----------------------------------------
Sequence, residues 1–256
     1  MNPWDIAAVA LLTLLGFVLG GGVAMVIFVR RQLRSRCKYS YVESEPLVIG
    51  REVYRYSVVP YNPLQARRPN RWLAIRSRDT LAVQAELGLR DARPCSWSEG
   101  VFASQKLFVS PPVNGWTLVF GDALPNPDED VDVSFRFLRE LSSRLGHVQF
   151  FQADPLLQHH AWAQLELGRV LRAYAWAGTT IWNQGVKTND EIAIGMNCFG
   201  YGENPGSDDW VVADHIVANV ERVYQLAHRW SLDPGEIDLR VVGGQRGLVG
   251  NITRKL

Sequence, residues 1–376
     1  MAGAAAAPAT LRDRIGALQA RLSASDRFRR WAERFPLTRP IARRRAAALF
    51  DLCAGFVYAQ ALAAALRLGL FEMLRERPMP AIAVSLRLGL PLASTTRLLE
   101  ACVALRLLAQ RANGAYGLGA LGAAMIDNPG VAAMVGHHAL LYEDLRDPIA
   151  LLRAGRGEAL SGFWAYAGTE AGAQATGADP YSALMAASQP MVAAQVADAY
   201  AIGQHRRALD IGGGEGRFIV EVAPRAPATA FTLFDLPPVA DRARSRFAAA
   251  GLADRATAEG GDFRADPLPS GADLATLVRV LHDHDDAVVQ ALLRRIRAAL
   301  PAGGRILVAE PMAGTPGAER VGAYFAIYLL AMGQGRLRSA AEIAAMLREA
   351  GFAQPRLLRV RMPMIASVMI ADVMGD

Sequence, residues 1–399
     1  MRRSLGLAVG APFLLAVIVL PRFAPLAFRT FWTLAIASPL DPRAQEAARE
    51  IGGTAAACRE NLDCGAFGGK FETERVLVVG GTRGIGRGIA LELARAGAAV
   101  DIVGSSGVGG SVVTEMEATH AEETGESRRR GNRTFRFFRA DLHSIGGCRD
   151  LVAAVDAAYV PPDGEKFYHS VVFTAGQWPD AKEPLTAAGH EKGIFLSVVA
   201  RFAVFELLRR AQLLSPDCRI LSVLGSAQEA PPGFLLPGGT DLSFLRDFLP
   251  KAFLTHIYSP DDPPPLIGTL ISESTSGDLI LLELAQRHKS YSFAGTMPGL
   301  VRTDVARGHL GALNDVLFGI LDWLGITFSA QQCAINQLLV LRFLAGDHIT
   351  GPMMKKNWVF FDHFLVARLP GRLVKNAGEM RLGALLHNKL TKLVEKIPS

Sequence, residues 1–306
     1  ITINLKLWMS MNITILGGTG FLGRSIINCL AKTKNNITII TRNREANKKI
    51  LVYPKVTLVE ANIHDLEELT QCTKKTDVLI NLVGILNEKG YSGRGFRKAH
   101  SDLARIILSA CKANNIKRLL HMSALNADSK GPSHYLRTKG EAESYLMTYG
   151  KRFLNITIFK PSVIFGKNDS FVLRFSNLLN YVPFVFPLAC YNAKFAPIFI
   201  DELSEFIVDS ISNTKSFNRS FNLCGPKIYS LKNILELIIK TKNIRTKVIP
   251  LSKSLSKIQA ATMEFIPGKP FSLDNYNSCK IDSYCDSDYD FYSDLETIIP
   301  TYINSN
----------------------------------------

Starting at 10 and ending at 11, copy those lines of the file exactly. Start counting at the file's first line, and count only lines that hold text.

    51  DLCAGFVYAQ ALAAALRLGL FEMLRERPMP AIAVSLRLGL PLASTTRLLE
   101  ACVALRLLAQ RANGAYGLGA LGAAMIDNPG VAAMVGHHAL LYEDLRDPIA